As you might have heard, Tesla is going to remove radar sensors from its North American market Model 3 and Model Y EVs. And it’s already causing problems for the carmaker.
Yesterday, the National Highway Traffic Safety Administration (NHTSA) removed certain safety designations for vehicles produced after April 27. The safety body does not give its “check mark” for forward collision warning, lane departure warning, crash imminent braking and dynamic brake support, Reuters reports.
In other words, the NHTSA no longer recognizes these Tesla vehicles as being up to its safety standards, now that radar has been removed.
It’s worth noting that the NHTSA only gives its approved check mark to vehicles that it’s tested. Removing radar is such a massive change that the NHTSA will have to retest these vehicles before it decides if they’re worthy of getting the check mark again.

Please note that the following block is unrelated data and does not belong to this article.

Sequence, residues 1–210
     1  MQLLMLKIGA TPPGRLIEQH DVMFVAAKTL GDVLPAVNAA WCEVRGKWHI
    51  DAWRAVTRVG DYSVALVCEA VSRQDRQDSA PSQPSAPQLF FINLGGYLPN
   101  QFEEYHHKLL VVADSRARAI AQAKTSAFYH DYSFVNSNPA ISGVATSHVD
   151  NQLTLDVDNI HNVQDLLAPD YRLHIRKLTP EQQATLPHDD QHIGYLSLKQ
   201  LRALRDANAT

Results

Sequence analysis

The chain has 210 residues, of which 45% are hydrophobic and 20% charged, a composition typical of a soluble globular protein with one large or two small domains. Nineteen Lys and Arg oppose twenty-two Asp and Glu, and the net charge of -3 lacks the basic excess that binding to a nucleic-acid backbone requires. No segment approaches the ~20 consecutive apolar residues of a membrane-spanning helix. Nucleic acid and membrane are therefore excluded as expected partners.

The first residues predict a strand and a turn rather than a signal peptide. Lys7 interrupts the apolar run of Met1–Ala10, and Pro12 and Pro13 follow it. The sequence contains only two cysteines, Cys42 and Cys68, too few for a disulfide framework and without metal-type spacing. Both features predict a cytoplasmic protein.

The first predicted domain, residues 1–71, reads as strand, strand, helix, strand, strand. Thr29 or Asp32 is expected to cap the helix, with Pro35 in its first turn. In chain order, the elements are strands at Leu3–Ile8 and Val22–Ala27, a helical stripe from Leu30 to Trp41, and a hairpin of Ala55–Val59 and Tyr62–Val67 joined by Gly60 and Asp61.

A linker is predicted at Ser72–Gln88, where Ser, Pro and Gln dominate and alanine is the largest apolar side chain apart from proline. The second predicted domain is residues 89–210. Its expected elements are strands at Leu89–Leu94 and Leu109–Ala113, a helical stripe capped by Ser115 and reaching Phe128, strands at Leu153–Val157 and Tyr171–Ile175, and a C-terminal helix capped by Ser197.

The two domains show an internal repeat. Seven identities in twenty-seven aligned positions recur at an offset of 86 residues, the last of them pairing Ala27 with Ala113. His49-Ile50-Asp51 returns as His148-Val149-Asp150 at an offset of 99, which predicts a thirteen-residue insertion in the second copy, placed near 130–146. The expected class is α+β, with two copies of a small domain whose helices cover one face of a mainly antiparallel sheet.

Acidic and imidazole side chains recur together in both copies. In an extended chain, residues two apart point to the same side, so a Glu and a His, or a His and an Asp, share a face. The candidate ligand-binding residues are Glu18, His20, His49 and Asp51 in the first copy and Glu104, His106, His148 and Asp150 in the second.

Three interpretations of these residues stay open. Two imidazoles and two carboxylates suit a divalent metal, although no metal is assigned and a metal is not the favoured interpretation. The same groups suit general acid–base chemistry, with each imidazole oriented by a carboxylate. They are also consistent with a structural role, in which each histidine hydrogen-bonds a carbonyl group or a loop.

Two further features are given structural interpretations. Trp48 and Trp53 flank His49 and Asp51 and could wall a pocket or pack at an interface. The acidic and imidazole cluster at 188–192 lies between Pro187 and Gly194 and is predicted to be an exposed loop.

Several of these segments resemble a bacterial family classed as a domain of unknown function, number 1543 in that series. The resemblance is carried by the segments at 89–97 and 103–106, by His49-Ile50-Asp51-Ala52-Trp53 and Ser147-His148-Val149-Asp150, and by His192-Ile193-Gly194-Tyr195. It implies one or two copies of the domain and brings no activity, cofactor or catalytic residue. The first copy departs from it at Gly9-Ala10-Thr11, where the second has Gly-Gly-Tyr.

So it’s not like the NHTSA is condemning these Tesla models as unsafe death traps, far from it. But it highlights just how important radar systems are in active safety features.
As we pointed out just yesterday, removing radar to rely solely on a camera-based active safety system is opening Tesla up to a host of potentially dangerous infractions.
Cameras are severely impaired when its foggy, rainy, or dark, and in those situations radar can provide a supporting system to ensure active safety features like automatic braking can remain active.
We don’t have a definitive answer on why Tesla is removing radar, but cynics will be quick to jump to conclusions to say it’s all about cost savings.
Clearly Tesla thinks it can make its systems work well enough on cameras alone, but the NHTSA is going to need to see proof.
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